In 2016 the government provided you, the public, with a valuable insight into what gangs are costing us.
When I went searching for an update on the 2014 data, there was none. And that rather highlights that this Labour government doesn’t see gangs through the same lens as the last National government.
The absurdly mis-named Ministry of Social Development described gangs thus:
“The harm inflicted by gangs is a serious issue in New Zealand. We have a complex gang problem that spans social, economic and justice issues.”
In 2014 there were 3,960 adult gang members known to police.
Last year, in 2021, it was reported:
“As of June 30, there were 8,061 gang members on the list curated by police, up from 5,343 at the end of 2017.”
Some would argue the toss.
Jarrod Gilbert, sociologist and gangs expert says there is a methodological issue:
"It's incredibly easy to get on the [gang] list because the police identify someone wearing a patch and so their name goes onto this database. But if people leave the gangs - and so many people are - it's very, very hard for police on the street to identify when someone's left."
That’s the first I’ve heard that it is easy to leave a gang. Two anecdotal cases spring to mind.
A friend told me how she had to smuggle money into a prison to pay a gang boss to let her partner leave.
Another friend told how he got “stabbed up” on his doorstep when other members got wind of his impending desertion.
It is notoriously difficult to extricate from gang life. There is no ‘unsubscribe’ button.
In something of a contradiction Gilbert is also on record as saying leaving gangs could be difficult, especially because of the physical marks members carried such as facial tattoos. Although getting a tattoo wasn’t compulsory, there was a “pressure” for young people to get one.
Gangs are not ‘friendly societies.’ It is grasping at straws to draw analogies between Rotary and Black Power to justify non-application of association laws. But people do it anyway. I expect one can safely resign from Rotary though I have no evidence to back that up.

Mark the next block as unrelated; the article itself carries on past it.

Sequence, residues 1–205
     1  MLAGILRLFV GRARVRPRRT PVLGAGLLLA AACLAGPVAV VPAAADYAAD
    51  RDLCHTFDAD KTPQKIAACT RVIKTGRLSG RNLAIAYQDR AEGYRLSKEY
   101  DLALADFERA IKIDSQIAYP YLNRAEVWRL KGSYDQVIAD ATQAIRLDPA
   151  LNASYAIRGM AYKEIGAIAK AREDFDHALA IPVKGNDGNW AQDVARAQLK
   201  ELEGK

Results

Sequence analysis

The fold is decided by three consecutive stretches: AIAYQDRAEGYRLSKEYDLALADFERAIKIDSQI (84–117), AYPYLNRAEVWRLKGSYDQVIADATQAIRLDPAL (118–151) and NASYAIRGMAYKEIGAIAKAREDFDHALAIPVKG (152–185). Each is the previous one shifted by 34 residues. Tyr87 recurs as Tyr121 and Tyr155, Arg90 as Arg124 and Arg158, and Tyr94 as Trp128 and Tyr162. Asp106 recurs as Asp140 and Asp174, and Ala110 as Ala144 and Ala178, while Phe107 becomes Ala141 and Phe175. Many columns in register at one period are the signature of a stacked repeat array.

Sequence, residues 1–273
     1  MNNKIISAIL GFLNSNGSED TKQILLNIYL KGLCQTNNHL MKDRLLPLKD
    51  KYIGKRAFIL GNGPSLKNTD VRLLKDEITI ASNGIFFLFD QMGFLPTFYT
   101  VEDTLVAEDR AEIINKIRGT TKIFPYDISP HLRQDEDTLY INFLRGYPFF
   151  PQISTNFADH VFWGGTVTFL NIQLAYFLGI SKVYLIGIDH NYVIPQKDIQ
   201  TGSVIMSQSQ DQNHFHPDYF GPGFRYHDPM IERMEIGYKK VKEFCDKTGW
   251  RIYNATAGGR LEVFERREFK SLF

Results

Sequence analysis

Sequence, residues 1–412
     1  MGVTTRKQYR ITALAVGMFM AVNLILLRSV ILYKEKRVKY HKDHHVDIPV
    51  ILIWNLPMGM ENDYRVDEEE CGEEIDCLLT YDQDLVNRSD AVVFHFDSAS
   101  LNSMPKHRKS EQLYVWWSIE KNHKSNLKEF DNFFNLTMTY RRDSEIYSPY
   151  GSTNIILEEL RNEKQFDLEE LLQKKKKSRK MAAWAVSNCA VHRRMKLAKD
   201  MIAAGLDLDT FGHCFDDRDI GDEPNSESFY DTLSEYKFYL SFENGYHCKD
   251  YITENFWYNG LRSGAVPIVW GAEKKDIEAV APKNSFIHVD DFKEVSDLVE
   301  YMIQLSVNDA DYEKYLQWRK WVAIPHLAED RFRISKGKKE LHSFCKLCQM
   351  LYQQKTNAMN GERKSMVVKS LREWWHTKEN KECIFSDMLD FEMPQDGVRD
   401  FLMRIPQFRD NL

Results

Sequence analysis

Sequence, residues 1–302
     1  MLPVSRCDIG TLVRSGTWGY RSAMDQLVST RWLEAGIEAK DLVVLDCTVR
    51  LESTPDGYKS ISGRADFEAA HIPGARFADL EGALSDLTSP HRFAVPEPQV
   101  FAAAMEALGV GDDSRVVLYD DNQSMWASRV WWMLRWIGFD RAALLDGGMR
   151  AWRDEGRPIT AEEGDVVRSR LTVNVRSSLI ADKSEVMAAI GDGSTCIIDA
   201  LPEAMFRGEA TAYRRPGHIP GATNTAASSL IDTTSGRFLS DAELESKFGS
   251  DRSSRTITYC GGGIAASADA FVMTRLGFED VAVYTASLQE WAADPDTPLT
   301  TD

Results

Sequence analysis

Anyway, back to 2016.
You, Dear Taxpayer, working in jobs you hate or love, but always contributing to the wellbeing of your fellow man, furnish much of the gangs’ budget.
Over an examined twenty-one year period 92 percent of gang members received a benefit at some point with the average duration of receipt at 8.9 years.
You contributed to their rent through the accommodation supplement and their food, through hardship grants. Not to forget income-related rents and repairs to Kainga Ora (whose reputation has recently spiralled into a black hole.)
You also paid their ‘partners’ single parent benefits and child tax credits. Their weekly ‘package’ sometimes amasses to more than $1,000.
Gang members do not itch to attach themselves to clever, educated, and independent wahine. Gang women are often themselves the female offspring of gang parents and learn their parenting in situ.
According to MSD, in 2014:
The alleged perpetrator of abuse or neglect of gang member’s children was more often recorded as the child’s mother than the gang member father.
So how much abuse or neglect are we talking about?
A total of 3,516 children of gang members were recorded as being the victims of abuse or neglect that had been substantiated on investigation by Child, Youth and Family. This is 60 percent of the total 5,890 known children of gang members.
Children growing up in gang families are more likely to be abused and neglected than not.
Authorities officially acknowledge:
There are in the order of 6,000 to 7,000 children known to be associated with gang members who are growing up in welfare recipient families, and are subject to high rates of abuse and neglect.
It is bad enough that the situation is allowed to continue, or even deteriorate based on the numbers.
But it is abominable that those who decry the misery visited on these children are simultaneously compelled to pay for it through the tax system.